Transgender activist enters race for N.C. Democratic Party chair

Charlotte's Janice Covington Allison had said Sunday she had 'every intention' to seek the seat

CHARLOTTE, N.C. — After signaling her intention to run on Sunday, a transgender activist from Charlotte formally announced Monday her candidacy for chairperson of the North Carolina Democratic Party, joining a race with three other candidates to be decided next month.

janicecovingtonJanice Covington Allison, known to friends and many acquaintances as Janice Covington, officially announced her candidacy via press release Monday.

“I feel with my 47 years of experience as a member in various positions of the North Carolina Democratic Party, [this] qualifies me as an individual who can guide our party into the future with acceptance and diversity,” Allison’s statement reads. “I know that I will have great barriers to overcome, because I will be the first transgender woman in our country’s history to seek out a state’s Democratic Party’s Chairmanship. However, I think because our party is the party of the future, acceptance and diversity, I will be accepted, based on my ability to do the job.”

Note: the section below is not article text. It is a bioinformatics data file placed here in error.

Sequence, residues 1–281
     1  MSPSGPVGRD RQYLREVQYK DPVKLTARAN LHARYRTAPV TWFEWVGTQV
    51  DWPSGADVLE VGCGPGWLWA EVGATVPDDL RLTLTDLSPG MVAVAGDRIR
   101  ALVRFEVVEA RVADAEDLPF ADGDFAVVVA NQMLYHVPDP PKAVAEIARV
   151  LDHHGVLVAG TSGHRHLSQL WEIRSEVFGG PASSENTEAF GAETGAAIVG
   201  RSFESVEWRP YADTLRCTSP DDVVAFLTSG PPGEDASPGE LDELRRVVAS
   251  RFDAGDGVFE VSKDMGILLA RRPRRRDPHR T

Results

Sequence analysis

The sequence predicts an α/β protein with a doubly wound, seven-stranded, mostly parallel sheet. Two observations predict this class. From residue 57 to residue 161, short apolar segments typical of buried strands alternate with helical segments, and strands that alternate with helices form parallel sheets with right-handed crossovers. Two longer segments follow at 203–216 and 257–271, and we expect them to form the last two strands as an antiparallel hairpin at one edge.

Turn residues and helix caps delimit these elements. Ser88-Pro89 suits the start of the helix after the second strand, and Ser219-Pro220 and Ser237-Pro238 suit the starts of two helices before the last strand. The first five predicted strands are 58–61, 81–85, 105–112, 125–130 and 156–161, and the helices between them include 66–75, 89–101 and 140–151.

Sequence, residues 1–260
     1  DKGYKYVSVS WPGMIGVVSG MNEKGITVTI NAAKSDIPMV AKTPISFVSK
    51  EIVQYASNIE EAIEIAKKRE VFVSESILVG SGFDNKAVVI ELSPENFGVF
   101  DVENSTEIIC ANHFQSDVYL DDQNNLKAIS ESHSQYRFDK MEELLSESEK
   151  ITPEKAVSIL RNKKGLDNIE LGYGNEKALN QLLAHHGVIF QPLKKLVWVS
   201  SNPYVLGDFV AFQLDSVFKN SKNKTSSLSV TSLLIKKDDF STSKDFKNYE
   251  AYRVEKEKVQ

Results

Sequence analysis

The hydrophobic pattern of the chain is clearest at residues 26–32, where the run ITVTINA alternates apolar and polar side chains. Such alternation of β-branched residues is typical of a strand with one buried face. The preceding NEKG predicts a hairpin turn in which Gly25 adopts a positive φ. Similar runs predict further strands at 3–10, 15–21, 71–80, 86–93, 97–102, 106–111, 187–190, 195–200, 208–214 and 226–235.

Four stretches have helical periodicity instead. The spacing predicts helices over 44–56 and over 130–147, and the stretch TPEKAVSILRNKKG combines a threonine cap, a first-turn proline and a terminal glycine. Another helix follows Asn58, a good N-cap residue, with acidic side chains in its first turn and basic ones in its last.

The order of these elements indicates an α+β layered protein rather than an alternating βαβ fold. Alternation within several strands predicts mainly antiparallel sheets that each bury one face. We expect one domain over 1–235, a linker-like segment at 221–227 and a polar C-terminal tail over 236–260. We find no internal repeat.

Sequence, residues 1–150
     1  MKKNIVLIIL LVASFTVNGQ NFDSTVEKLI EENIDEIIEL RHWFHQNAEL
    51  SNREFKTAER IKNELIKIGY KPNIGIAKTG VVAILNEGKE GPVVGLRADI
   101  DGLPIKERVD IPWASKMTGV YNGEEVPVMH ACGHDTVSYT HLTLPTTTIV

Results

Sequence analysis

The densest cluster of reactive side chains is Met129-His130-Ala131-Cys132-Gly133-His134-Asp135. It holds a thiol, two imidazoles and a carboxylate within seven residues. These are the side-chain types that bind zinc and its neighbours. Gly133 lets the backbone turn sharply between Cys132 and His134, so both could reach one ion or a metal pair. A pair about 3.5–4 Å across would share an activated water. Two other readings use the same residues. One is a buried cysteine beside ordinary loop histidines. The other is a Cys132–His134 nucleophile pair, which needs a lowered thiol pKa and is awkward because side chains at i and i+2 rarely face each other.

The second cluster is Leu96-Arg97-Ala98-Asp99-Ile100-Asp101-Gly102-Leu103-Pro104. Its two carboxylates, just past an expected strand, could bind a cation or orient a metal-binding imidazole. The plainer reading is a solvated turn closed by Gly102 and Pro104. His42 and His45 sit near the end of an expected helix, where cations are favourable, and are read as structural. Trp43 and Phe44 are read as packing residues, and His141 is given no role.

- - - advertisement - - -

Allison had said during a Sunday evening LGBT Democrats of North Carolina conference call that she had “every intention” of seeking the seat.

Allison has a long history in Democratic politics, including an unsuccessful bid for the Cabarrus County Commission in the 1980s before her full transition. Allison became the first transgender person to be elected a delegate from North Carolina to a Democratic National Convention in 2012. She also helped to form Mecklenburg County’s LGBT Democrats caucus, and has served as the state LGBT caucus’ 12th Congressional District chair.

Allison cites several reasons for her candidacy, saying the Republican Party has “taken our state into a danger zone of changes against the people.”

- - - advertisement - - -

“They have taken away the right of the people to vote, they have taken away the right for a woman to have an abortion,” Allison’s statement reads. “Our Governor has dismissed Duke Power and their liability of coal ash disposal, causing the taxpayers of the Tar Heel State to foot the bill; they have destroyed our education system, among many other changes that I do not agree with.”

Elections for the state party chair will be held on Feb. 7 in Raleigh. There, Allison will run against the party’s current first vice chairwoman, state Rep. Patsy Keever of Asheville, Statesville businesswoman and former teacher Constance Johnson and Wake County’s Ron Sanyal, a longtime state party executive committee member who mounted an unsuccessful campaign in the state’s 13th Congressional District last year.

[Ed. Note, Jan. 5, 2015, 4:22 p.m. — The original version of this article mistakenly omitted party chair candidate Ron Sanyal. We regret the error.]

- - - advertisement - - -

Posted by Matt Comer

Matt Comer previously served as editor from October 2007 through August 2015 and as a staff writer afterward in 2016.